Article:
Andrew Osei-Bimpong, MD, of Hammersmith Hospital (London), followed Osmond, making the opposite case. Osei-Bimpong referred to a study he conducted of the company's WBC counter that was published in the August 28, 2008, edition of the International Journal of Laboratory Hematology in which he and two others compared the HemoCue WBC counter to a reference standard and concluded that with the exceptions of instances in which normoblasts or reticulocytosis might interfere with the analysis, the HemoCue WBC counter meets the CLIA requirement.

The authors noted the presence of a "negligible differences in blood count parameters between venous and capillary blood, provided that the capillary sample is free-flowing and obtained without squeezing." The issue of venous versus capillary blood was not a major feature of the panel's discussions, but did come up on several occasions.

Osei-Bimpong said he and his colleagues saw some inexactness in the diagnostic's assessment of white blood cell counts, but that "all these results were within the acceptable error" of 15%.

"We noticed it is a relatively simple instrument to operate and maintain," Osei-Bimpong said, adding that it's use "requires very little technical knowledge" although clinical knowledge is needed to interpret results. He described the unit as "an ideal point of care test for screening."

Tan Nguyen, MD, presented FDA's views of the application, noting of HemoCue's supporting clinical trial that "there were very few – only five – from pediatric populations," and "none of the fingerstick samples in this study was from patients younger than 15 years." This was a major issue for the application because of the probability that the test will be used extensively to rule out various pathogens in pursuit of a reduction in the use of antibiotics in pediatric populations.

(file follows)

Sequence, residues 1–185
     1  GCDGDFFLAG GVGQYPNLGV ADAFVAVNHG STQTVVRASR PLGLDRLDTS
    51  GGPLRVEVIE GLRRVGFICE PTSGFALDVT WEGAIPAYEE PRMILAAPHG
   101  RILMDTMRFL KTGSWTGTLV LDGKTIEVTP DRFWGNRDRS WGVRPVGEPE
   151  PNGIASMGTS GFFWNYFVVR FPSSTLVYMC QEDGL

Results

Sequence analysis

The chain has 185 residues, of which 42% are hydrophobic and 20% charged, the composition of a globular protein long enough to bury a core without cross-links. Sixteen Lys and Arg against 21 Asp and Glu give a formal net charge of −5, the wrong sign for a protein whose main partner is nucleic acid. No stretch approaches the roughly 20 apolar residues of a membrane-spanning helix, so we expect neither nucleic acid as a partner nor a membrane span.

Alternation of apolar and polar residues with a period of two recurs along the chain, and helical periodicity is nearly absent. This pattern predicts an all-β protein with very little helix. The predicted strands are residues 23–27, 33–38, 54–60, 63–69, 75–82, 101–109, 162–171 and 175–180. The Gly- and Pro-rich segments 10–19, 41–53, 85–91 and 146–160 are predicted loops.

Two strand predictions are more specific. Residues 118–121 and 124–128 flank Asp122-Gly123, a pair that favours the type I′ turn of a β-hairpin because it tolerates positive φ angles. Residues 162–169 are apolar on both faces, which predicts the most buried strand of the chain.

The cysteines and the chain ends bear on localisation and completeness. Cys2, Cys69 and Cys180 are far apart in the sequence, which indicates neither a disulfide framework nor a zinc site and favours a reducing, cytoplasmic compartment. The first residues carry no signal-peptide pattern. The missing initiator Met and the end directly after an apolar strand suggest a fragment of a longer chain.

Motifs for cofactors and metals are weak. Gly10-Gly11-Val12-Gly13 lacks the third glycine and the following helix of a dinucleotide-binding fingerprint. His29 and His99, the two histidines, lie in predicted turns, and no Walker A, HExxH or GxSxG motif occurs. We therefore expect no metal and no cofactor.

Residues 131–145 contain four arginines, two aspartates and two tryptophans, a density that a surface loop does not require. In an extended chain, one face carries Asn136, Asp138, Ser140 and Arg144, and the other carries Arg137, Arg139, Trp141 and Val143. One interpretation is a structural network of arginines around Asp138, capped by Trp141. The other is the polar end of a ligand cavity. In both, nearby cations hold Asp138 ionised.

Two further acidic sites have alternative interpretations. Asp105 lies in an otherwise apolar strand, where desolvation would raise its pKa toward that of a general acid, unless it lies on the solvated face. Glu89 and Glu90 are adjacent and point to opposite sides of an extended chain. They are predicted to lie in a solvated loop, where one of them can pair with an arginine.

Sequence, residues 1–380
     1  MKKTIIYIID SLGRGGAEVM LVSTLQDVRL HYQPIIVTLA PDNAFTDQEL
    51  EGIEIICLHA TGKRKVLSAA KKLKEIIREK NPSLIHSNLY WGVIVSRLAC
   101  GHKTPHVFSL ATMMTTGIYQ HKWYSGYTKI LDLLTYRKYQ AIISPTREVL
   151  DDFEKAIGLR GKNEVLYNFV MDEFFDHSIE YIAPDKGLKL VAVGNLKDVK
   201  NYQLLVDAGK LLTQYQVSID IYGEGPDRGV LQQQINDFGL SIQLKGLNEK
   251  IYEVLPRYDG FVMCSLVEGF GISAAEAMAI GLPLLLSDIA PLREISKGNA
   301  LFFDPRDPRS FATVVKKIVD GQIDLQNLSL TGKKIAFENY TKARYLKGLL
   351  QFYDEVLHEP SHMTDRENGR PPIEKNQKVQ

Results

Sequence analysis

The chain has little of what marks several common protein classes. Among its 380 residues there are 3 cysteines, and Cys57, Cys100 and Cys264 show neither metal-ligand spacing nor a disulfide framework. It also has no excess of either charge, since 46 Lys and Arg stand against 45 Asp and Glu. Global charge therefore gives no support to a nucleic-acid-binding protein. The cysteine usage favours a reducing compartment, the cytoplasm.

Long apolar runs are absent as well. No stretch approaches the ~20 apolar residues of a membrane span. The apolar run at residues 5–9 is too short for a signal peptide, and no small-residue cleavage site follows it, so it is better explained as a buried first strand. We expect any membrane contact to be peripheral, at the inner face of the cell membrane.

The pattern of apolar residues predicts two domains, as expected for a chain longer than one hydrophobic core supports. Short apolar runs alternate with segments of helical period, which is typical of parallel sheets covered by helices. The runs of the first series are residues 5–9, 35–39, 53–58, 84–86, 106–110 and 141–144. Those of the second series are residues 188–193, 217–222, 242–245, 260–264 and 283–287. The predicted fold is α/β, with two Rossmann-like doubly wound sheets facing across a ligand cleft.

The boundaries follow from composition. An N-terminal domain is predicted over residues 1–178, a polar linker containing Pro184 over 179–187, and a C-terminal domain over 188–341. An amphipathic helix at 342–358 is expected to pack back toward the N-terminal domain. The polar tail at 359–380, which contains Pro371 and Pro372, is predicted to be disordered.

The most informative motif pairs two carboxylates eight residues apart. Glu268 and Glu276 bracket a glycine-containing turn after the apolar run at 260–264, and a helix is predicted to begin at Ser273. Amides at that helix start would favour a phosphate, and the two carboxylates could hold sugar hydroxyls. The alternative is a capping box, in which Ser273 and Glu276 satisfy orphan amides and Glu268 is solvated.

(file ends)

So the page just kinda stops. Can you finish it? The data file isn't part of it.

Nguyen charged that the unit "is unable to detect interfering nucleated RBC [nRBCs] from normal WBC," a consideration because the presence of nRBCs, "even a few, is the first hint of a long list of important conditions."

Nguyen said that FDA is concerned about the absence of a backstop test in doctors' offices. WBC reflex testing, he said, is "a well established practice in most labs" and the agency is "concerned that reflex testing is not readily available in waived settings." As for allowable total error (ATE), Nguyen said, "for WBC counts less than 5,000, only 86% of fingersticks fell within the ATE zone."

In summarizing the panel's response to FDA's questions regarding whether the HemoCue is sufficiently simple to qualify for a CLIA waiver, panel chairwoman Dorothy Adcock, MD, medical and laboratory director of Esoterix (Denver) said "the panel generally believes the system is not a simple test. While it may be easy to perform, the absence of additional information that may lead to a differential [count] is a concern in that you might misinterpret the WBC count." However, she continued, if "the parameters of the reporting are tightened ... the potential for misreporting may be significantly reduced."

The panel was unsure as to how to address whether a backup test for WBCs would change their thinking about a waiver, and the final vote on whether to recommend a waiver reflected that uncertainty.